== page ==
Two California youths accused of plotting high school shooting spree

LOS ANGELES (REUTERS) - Police in the Los Angeles suburb of South Pasadena said on Monday that they had thwarted a mass shooting plot with the arrest of two teenagers who were conspiring to kill several staffers and as many fellow students as possible at their high school.

Detectives were tipped off to the plot by South Pasadena High School administrators and arrested the two students after serving search warrants at each of their homes, the South Pasadena Police Department said in a statement posted online.

"Enough evidence was discovered, and based on that evidence the two students were arrested," the statement said, though it did not identify the pair or make clear when they were taken into custody.

One of the youths was detained without incident, while the second student "resisted arrest and officers had to force entry into his residence," police said. "He was captured in the home as he tried to run away from the arresting officers," police said.

No further details of the alleged plan to attack the school were given, except that police said the two youths were "plotting to kill three staff members and as many students as possible with firearms."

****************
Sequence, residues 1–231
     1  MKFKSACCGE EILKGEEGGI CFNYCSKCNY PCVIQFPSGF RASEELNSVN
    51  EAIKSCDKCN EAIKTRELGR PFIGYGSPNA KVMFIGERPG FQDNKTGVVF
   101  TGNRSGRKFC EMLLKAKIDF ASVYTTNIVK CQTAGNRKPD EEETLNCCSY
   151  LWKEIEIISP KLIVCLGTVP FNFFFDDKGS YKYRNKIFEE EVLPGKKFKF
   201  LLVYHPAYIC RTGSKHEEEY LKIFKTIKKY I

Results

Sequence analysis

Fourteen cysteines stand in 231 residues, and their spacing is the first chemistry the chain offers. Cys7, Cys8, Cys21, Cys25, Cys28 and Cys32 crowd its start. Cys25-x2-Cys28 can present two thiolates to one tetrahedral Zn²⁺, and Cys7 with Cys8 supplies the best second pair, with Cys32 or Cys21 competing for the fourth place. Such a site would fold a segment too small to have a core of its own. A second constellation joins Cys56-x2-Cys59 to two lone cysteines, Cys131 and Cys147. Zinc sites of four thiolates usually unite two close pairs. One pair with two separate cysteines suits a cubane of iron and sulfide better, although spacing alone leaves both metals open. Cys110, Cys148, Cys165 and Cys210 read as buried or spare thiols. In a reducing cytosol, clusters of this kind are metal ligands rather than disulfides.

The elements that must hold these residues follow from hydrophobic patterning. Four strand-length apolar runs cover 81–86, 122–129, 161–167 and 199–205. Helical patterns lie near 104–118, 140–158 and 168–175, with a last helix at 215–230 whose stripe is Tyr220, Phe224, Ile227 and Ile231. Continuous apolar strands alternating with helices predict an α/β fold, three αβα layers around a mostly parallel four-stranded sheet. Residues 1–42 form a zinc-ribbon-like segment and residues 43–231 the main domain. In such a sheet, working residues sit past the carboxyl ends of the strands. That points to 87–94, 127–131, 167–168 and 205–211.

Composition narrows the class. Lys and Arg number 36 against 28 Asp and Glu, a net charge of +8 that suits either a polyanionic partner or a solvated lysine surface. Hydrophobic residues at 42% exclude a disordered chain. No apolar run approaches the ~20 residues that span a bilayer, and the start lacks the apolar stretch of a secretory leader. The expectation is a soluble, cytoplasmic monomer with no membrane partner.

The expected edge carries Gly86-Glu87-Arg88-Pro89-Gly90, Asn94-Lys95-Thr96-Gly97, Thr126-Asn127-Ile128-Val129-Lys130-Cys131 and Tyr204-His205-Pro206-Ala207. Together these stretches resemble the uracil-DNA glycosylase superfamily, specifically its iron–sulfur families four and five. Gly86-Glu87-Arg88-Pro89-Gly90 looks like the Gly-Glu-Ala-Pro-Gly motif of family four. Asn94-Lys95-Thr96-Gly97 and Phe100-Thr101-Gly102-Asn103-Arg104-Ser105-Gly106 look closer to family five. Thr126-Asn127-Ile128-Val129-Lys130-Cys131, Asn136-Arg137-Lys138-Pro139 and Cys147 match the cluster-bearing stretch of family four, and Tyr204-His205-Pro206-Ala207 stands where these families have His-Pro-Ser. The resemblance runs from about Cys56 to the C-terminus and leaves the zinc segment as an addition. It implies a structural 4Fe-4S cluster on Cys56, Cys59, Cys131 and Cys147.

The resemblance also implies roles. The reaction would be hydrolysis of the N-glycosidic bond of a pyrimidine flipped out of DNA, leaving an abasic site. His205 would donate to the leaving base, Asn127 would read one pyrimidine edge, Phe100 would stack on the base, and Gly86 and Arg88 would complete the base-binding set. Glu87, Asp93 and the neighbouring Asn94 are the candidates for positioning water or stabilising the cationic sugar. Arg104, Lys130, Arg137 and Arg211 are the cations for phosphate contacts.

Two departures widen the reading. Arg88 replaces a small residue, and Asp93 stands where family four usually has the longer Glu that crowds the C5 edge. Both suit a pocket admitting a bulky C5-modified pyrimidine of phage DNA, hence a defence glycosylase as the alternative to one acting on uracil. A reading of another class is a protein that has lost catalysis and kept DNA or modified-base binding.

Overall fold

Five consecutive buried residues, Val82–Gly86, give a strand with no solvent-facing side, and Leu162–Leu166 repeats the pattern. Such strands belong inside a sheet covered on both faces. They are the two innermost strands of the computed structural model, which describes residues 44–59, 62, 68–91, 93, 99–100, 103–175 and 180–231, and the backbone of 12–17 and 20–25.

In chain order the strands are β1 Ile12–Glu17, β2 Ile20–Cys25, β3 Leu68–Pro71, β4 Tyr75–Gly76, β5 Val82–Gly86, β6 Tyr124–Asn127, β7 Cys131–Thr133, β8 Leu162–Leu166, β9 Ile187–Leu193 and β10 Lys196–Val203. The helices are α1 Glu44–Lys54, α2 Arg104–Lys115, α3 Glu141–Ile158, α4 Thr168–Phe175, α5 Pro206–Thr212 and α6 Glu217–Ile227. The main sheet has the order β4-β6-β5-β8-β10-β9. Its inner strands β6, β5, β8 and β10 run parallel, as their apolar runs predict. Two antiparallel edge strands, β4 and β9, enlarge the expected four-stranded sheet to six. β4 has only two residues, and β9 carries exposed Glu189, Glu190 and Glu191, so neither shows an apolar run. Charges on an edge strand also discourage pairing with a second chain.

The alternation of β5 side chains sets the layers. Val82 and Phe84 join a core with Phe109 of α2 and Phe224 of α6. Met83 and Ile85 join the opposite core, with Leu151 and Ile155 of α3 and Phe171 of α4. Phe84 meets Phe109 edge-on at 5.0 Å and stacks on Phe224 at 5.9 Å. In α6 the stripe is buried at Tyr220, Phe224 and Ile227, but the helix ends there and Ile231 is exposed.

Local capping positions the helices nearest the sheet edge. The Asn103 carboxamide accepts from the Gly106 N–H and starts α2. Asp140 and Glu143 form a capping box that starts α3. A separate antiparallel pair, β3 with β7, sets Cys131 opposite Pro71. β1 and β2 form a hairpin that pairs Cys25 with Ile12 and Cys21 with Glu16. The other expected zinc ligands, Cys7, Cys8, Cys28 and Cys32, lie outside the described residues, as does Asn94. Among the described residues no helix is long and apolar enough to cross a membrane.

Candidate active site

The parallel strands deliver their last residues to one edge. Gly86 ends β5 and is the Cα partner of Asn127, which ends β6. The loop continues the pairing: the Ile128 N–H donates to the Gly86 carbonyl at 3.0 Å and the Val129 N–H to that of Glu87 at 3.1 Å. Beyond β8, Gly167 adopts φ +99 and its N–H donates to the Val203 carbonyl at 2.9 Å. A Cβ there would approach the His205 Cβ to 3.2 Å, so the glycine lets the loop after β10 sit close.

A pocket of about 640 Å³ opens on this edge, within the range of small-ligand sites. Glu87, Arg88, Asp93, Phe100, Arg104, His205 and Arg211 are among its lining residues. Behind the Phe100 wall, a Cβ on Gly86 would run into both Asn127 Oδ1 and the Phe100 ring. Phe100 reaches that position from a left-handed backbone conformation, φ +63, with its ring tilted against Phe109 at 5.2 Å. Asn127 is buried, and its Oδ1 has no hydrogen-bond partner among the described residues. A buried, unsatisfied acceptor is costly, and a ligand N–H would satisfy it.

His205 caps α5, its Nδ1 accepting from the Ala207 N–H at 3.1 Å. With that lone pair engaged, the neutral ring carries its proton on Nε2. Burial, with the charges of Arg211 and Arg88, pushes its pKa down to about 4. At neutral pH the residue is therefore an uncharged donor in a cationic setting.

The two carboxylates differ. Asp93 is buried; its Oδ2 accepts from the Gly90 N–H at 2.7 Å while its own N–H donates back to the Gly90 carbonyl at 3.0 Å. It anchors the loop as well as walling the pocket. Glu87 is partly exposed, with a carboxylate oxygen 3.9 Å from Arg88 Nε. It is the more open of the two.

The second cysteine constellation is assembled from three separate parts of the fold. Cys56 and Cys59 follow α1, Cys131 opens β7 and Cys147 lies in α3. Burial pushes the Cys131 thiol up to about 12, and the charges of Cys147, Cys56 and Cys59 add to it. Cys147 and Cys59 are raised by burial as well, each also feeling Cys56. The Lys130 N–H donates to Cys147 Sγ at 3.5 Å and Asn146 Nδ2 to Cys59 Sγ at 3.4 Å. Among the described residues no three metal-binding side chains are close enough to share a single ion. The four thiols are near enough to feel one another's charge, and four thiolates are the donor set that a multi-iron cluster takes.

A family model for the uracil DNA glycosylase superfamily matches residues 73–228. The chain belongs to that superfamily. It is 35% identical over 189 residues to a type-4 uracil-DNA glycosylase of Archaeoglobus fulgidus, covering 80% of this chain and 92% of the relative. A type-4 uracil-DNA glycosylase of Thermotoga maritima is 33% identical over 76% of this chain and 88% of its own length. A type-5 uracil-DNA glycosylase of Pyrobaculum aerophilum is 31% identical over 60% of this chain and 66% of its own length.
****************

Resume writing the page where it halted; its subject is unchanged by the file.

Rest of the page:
"This is a prime example of school officials recognising suspicious behaviour," police Sergeant Brian Solinsky said in the statement. "It was this information that helped prevent a horrific tragedy."

Police were expected to reveal more details of the arrests and their investigation at a news conference set for Tuesday in South Pasadena, an affluent suburban town of some 24,000 residents about eight miles northeast of downtown Los Angeles.

Just over 1,500 students are currently enrolled at the high school, according to its website.

News of the two arrests in Southern California came three weeks after a judge in Minnesota dismissed attempted murder and property damage charges brought against a teenager there who was accused of planning a shooting and bomb attack on his high school. Prosecutors said they planned to appeal that ruling.

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